China’s consumer inflation climbed to nearly eight-year peaks in November as pork prices doubled, but factory-gate prices remained in the red, adding to uncertainty over whether the manufacturing sector is bottoming out as trade risks persist.
Beijing is under pressure to unleash more stimulus to boost industrial activity, but high inflation ahead of the Lunar New Year may be a headache for policymakers trying to shore up growth that has slipped to the lowest in nearly 30 years.
Consumer prices in November rose 4.5% on year, the fastest pace seen since January 2012, driven mostly by a surge in pork prices as African Swine Fever ravaged the country’s hog herds, National Bureau of Statistics (NBS) data showed on Tuesday. That topped analysts’ expectations of 4.2% and October’s 3.8% rise.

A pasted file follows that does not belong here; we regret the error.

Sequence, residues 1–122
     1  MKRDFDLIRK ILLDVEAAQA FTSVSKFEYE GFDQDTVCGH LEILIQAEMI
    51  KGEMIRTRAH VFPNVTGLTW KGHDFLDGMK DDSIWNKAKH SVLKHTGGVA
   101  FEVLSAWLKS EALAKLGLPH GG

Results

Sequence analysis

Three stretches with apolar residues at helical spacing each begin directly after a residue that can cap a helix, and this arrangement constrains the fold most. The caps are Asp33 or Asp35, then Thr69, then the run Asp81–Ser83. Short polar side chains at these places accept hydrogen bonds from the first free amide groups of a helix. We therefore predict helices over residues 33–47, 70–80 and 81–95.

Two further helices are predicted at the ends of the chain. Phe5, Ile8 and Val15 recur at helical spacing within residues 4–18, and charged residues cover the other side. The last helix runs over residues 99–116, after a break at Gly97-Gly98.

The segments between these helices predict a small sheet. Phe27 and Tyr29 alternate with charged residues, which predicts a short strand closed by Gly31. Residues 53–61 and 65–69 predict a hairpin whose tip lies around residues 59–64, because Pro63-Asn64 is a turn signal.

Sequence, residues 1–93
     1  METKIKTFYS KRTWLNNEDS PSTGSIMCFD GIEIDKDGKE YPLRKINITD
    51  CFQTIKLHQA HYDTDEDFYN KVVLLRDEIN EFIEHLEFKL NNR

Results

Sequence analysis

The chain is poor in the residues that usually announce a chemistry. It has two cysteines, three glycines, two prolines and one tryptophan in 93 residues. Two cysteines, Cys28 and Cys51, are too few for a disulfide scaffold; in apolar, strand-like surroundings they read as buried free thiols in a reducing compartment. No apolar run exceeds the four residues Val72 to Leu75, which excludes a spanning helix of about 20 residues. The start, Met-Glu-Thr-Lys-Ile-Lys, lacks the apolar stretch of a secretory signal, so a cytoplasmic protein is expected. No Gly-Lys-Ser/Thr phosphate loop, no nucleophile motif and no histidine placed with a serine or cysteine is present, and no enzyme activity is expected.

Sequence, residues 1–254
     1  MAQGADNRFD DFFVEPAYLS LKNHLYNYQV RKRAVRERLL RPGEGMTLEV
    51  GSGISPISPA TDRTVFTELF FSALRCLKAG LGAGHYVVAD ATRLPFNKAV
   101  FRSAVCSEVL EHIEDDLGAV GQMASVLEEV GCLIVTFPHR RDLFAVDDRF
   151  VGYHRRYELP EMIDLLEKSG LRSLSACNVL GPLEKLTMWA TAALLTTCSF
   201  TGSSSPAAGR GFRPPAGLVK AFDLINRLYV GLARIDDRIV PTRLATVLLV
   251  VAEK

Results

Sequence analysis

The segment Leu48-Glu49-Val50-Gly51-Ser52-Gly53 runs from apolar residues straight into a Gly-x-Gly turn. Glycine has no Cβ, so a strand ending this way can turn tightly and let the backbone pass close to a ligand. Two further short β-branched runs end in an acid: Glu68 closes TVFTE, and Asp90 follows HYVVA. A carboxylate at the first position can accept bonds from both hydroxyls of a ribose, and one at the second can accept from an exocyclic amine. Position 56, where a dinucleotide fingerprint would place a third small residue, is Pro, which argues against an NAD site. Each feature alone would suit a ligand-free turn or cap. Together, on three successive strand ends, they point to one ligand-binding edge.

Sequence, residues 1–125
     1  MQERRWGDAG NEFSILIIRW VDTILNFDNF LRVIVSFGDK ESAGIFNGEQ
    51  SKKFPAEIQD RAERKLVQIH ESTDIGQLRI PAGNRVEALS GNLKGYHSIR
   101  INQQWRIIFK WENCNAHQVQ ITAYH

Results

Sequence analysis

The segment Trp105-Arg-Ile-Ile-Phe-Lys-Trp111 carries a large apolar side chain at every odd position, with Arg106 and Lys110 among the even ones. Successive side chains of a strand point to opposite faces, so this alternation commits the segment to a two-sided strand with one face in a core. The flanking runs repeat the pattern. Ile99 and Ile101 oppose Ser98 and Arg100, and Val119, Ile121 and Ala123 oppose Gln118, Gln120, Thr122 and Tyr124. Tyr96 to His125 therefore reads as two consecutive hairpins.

However, core inflation — which excludes food and energy prices — stayed largely subdued.
“The high CPI would surely have an impact on China’s monetary policy, but overall we don’t see risks of inflation spike across the board, so current monetary policy with a loosening bias will not be significantly affected,” said Liu Xuezhi, an analyst with Bank of Communications.